The Afghan Whigs formed while still in college and launched out of Cincinnati in the mid-’80s, making the kind of amped-up garage rock that would earn them comparisons to the likes of the Replacements and Dinosaur Jr.—and gain them a cult following thanks to what AllMusic calls frontman “Greg Dulli’s tortured, angst-ridden tales of broken relationships and self-loathing.” They released six albums between 1988 and 1998 before amicably breaking up three years later. But you can’t keep a good band down, and so the Afghan Whigs (above, performing “Algiers” for KEXP FM) returned in 2012. Their seventh long-player, Do the Beast (stream it below), arrived two years later. “Do to the Beast leaves you emotionally wrought. Where Dulli had previously played the sleaze we reveled in living vicariously through, here he has us choking back tears for him, the violent aggressor,” said the Line of Best Fit. “The album has an air of closure, the Whigs pull out all their musical stops and Dulli seems to find an end, albeit not the happiest one.” And this past May, the band put out another well-received full-length, In Spades (stream it below). “Bolstered again by the louche and ravaged voice of singer Greg Dulli,” said Pitchfork, “the latest from the indie rock icons is delightfully stuffed with romance and rancor.” Having just launched a new tour, the Afghan Whigs come to The Bowery Ballroom on Friday to play In Spades in its entirety followed by a second set and then hit Brooklyn Steel on Saturday. Former New Yorker Har Mar Superstar opens both shows.
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Tags: Afghan Whigs, Apollo Theater, Brooklyn, Brooklyn Steel, Dave Rosser, Greg Dulli, Gregg Greenwood, In Spades, John Curley, Jon Skibic, Live Music, Music, New York City, Patrick Keeler, Photos
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The Afghan Whigs – The Bowery Ballroom – May 23, 2012
It had been 13 years since the Afghan Whigs last played live, enough time to bring a human from infancy to the uncomfortable stages of adolescence. While the band’s first public appearance was technically on Late Night with Jimmy Fallon on Tuesday night, playing a sold-out show at The Bowery Ballroom last night makes it officially their first show since 1999. The significance of the night and their return wasn’t lost on anyone. And they’re still incredible, obviously. Was there ever any doubt? Still completely able to sing softly, Greg Dulli’s voice has defied the tests of time, leaving fans eagerly waiting for him to launch into his signature strained and soulful bellows that at times sound more like desperate pleas than singing.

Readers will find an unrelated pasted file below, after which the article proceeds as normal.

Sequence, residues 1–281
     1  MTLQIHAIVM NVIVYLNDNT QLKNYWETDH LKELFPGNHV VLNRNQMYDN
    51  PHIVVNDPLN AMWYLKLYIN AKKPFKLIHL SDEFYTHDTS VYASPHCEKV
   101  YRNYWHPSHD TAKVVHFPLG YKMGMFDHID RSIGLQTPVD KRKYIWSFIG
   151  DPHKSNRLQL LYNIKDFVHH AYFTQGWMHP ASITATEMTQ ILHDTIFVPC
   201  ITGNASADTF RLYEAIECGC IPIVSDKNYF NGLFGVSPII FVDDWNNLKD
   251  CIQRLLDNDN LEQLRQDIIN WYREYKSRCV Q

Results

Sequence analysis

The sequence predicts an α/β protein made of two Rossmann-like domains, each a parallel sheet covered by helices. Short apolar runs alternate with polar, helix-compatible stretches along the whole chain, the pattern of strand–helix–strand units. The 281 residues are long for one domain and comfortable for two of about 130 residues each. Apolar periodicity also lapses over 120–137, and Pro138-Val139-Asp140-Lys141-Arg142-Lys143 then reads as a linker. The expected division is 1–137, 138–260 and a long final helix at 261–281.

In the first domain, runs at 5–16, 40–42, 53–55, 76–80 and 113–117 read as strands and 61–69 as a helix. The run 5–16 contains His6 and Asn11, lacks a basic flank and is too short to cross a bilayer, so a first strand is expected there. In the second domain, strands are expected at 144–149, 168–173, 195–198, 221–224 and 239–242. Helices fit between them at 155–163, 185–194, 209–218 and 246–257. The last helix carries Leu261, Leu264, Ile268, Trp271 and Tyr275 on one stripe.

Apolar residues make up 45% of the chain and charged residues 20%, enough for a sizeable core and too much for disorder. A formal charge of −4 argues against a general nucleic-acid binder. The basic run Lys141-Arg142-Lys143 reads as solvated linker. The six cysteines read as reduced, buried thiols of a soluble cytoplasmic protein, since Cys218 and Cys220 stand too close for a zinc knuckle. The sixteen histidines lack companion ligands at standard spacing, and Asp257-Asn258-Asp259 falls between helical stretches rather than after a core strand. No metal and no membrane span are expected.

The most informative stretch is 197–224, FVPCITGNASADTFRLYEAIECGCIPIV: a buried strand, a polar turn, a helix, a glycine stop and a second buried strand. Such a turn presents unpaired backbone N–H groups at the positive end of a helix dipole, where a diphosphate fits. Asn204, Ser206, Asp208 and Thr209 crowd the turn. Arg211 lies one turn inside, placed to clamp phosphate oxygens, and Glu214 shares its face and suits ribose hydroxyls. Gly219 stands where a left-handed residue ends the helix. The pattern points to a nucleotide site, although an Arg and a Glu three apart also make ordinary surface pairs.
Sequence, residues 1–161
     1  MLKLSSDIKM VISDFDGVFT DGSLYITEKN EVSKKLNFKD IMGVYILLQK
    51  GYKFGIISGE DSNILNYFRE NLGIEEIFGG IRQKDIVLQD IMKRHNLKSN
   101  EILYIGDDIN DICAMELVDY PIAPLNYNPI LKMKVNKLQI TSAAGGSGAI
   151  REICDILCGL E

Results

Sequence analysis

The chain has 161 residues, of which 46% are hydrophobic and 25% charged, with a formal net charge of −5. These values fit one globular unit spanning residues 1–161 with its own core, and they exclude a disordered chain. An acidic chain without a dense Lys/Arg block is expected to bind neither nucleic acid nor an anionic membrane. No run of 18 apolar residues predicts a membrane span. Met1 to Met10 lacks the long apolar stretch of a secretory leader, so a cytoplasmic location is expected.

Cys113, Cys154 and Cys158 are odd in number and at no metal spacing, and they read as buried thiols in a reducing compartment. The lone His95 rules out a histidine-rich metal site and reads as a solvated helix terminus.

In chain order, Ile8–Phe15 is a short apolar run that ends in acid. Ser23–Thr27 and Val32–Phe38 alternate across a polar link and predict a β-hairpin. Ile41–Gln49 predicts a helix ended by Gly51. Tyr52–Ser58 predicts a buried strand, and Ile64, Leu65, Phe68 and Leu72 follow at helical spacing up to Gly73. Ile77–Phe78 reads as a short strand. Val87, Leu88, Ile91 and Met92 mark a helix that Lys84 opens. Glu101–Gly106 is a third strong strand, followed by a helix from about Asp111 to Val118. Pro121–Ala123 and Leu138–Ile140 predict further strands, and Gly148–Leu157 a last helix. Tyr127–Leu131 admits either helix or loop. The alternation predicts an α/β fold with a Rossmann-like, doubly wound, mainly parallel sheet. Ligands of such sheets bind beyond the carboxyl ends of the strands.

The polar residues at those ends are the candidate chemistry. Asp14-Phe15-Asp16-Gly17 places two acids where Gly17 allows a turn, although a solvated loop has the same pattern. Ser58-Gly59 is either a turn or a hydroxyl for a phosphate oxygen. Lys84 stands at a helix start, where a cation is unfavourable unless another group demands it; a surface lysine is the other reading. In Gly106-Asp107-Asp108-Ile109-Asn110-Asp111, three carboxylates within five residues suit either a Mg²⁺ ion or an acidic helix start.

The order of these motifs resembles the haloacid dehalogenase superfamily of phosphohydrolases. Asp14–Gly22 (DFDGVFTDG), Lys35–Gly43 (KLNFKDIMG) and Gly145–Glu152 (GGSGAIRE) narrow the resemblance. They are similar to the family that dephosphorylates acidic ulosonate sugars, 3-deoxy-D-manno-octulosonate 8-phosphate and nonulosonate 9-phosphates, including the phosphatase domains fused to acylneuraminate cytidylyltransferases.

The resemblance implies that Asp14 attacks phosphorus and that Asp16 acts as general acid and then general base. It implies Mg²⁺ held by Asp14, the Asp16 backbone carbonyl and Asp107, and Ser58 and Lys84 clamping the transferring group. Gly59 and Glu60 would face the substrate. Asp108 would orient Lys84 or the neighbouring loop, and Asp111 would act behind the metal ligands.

“Do you think I’m beautiful? / Or do you think I’m evil,” sang Dulli in the slow-building opener, “Crime Scene Part One.” Rick McCollum’s scorching guitar riffs set the scene for the lyrics, upping the intensity to match the force of Dulli’s voice. The band did a solid job of hitting the favorites, from the well-known and much-loved “Gentlemen” and “Debonair” to fan picks “I’m Her Slave” and “Bulletproof.” Dulli twice gave shout-outs and praise to Megan Jasper and Jonathan Poneman from Sub Pop for signing the band back in 1989, a sign that the group could sense what the night meant to their legacy.
Apparently the best way to prevent the Afghan Whigs from slipping back into retirement is by demanding that they never stop playing. After a four-song encore that included the newly released “See and Don’t See” Marie “Queenie” Lyons cover, as well as the unanticipated “Love Crimes” Frank Ocean cover, the audience wanted another encore, so the band returned to play “Miles Iz Ded.” If anyone in the crowd wanted more after that, they’ll just have to wait for when the band returns in the fall and hope that this reunion thing will last for a while. —Dan Rickershauser